Smith Professor Joins MA Governor Patrick in Celebration of Hispanic Heritage Month

Olivia Goodman ’14
News Editor

This year, Hispanic Heritage Month, which runs from September 15 to October 15, was celebrated at the State House in Boston with a proclamation given on Oct. 2 by Massachusetts Governor Deval Patrick. Associate Professor of Sociology and director of the Program in Latin American and Latina/o Studies at Smith, Ginetta Candelario ‘90, joined Patrick to give the keynote address.

The theme of this year’s Hispanic Heritage Month, “25 Years Strong: A Celebration of Civic Engagement and Service,” recognizes the impact of the Latino/a community throughout Massachusetts. Patrick’s administration asked Candelario, who represented the Commonwealth’s Latino/a’s civil engagement as someone whose work exemplifies this year’s theme, to take part in the proclamation.

Candelario’s keynote included personal reflections, such as her own mother’s arrival to the U.S. from Santo Domingo in the Dominican Republic, as well as a discussion of Latino/a presence in government, and schools. She included topics such as school-based and residential segregation and its political and economic consequences.

Her speech also highlighted what was most important to her in celebrating Hispanic Heritage Month.  “Because of my son and my daughter, I feel that my most important task today is not simply celebrating Latino/a civic engagement, [but] instead…ask our elected state officials to be allies to Latino/a communities,” said Candelario.  “We are not ‘social problems’ to be solved, nor victims in need of saviors.  We are Latino/a players on the field of dreams of America’s game in need of diehard fans.”

Following her keynote address on October 2, Candelario commented on the symbolic importance of political recognition of Hispanic Heritage Month.  “It’s an official acknowledgement that Latino/as form part of the Commonwealth, and therefore, we should have a voice in defining the Commonwealth,” said Candelario. “At the level of policy, I think it’s ultimately about addressing class-based inequality through investment in health, education and welfare.  Investing in strengthening families – rather than punishing them for being broke – is costly in the short term, but in the long run, has cost-saving benefits in terms of imprisonment, public health, and the many benefits of fostering human growth and development.”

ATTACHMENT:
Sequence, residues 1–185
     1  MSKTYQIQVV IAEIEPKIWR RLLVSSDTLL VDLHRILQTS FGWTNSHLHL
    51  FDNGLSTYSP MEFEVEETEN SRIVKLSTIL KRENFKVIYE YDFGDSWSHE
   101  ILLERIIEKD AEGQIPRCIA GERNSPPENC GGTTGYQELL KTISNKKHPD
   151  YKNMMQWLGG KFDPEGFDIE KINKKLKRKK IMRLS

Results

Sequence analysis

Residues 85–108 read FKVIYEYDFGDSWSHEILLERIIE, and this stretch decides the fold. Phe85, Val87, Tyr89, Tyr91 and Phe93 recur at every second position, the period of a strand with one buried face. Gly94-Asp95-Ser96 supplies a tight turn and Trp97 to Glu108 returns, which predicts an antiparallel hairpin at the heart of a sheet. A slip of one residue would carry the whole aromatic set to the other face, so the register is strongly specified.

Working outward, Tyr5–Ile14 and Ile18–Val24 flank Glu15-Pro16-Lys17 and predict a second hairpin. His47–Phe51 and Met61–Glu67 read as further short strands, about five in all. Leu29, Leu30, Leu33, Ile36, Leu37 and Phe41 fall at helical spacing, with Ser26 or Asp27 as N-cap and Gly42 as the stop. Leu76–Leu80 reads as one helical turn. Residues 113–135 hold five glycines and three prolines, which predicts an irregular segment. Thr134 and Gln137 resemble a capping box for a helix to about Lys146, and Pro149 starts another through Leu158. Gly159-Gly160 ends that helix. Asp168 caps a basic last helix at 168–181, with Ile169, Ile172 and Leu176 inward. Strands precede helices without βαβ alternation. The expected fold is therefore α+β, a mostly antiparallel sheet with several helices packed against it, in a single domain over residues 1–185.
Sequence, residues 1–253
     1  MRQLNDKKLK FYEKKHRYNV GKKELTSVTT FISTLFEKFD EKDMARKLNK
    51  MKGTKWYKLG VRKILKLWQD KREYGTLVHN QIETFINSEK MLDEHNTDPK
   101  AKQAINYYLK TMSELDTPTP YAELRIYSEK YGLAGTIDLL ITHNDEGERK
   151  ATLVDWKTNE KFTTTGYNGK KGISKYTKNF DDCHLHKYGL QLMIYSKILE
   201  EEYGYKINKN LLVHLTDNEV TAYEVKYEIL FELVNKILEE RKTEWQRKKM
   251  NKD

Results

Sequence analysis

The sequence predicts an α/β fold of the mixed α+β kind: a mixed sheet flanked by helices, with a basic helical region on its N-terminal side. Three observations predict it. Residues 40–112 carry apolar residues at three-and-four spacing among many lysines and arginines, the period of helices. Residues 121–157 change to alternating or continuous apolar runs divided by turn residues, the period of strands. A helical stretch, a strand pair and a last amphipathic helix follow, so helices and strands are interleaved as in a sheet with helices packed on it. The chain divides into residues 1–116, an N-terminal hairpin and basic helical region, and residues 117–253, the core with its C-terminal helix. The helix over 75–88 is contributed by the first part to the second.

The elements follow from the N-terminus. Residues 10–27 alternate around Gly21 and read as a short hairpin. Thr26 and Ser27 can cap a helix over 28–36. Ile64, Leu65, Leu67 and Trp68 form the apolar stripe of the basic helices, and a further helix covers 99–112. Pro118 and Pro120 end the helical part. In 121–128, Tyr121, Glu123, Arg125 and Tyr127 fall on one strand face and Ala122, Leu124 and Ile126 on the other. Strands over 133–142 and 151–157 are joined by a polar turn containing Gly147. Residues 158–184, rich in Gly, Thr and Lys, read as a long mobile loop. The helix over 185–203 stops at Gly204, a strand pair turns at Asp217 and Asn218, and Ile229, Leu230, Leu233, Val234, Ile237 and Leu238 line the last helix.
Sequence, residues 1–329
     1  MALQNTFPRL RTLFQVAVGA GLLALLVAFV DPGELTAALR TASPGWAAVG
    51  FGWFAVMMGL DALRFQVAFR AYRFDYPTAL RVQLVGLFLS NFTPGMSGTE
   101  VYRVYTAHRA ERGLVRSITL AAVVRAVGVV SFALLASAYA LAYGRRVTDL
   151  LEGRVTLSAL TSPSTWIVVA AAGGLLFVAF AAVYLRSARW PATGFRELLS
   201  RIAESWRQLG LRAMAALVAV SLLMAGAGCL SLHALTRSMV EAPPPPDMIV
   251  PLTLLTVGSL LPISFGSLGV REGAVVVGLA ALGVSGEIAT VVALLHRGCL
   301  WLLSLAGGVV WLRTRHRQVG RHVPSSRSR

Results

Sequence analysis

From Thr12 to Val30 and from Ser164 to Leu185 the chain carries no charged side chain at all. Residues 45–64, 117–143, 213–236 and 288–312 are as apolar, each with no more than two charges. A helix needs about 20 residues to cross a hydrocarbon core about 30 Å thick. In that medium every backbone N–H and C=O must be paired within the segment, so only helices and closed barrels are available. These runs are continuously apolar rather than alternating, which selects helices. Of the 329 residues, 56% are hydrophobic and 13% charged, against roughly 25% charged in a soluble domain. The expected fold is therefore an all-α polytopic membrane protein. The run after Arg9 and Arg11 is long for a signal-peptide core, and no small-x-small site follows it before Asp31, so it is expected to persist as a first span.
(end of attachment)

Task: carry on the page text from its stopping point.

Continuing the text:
The Smith Candelario came to as a student in 1984 was “visibly different from the Smith of today,” with very few minority students and even fewer Hispanic faculty or staff on campus. The town of Northampton then was “even Whiter” demographically than Smith.  “I think that there is far greater ethno-racial and class diversity at all levels in Smith and Northampton today than 30 years ago.  That is a good thing, but, there’s still work to be done in cultivating an institutional culture that welcomes everyone equally and is willing to adjust rather than just train ‘newcomers’ to assimilate into the status quo,” said Candelario.

Hispanic Heritage Month is being celebrated at Smith through a series of events, which began on September 27 with the Latino/a Heritage Month fair on Chapin Lawn hosted by Nosotr@s, a Latino/a student org, which also held a celebratory 5-College mixer last Friday.  Upcoming events include a visit by Girls Inc. on October 11; an alumnae panel, “Our Mother’s Kitchen,” where Smith alumnae will share stories about how they came to Smith and what role their families and mothers in particular played in their experience on October 17; and a Dia de los Muertos workshop on October 18.

“Nosotras has spent 32 years working to educate the Smith community about Latino/a cultures, providing a familiar space for Latino/as on campus, and advocating for the interests of Latino/a students at Smith,” said Candelario.  “This latest programming [in celebration of this month] is part of that long tradition.

“I hope that Hispanic Heritage Month serves an educational purpose for non-Latino/as who are otherwise subjected to little other than stereotypes and distortions about Latin America and the Caribbean, and about Latino/as in the United States.  I did my best to speak to the incredible work that Latino/as are doing at all levels and in all realms, from local grassroots leaders to elected officials, from scholars to school kids, from blue-collar to professional workers, from stay-at-home moms to mothers in the paid labor force.”

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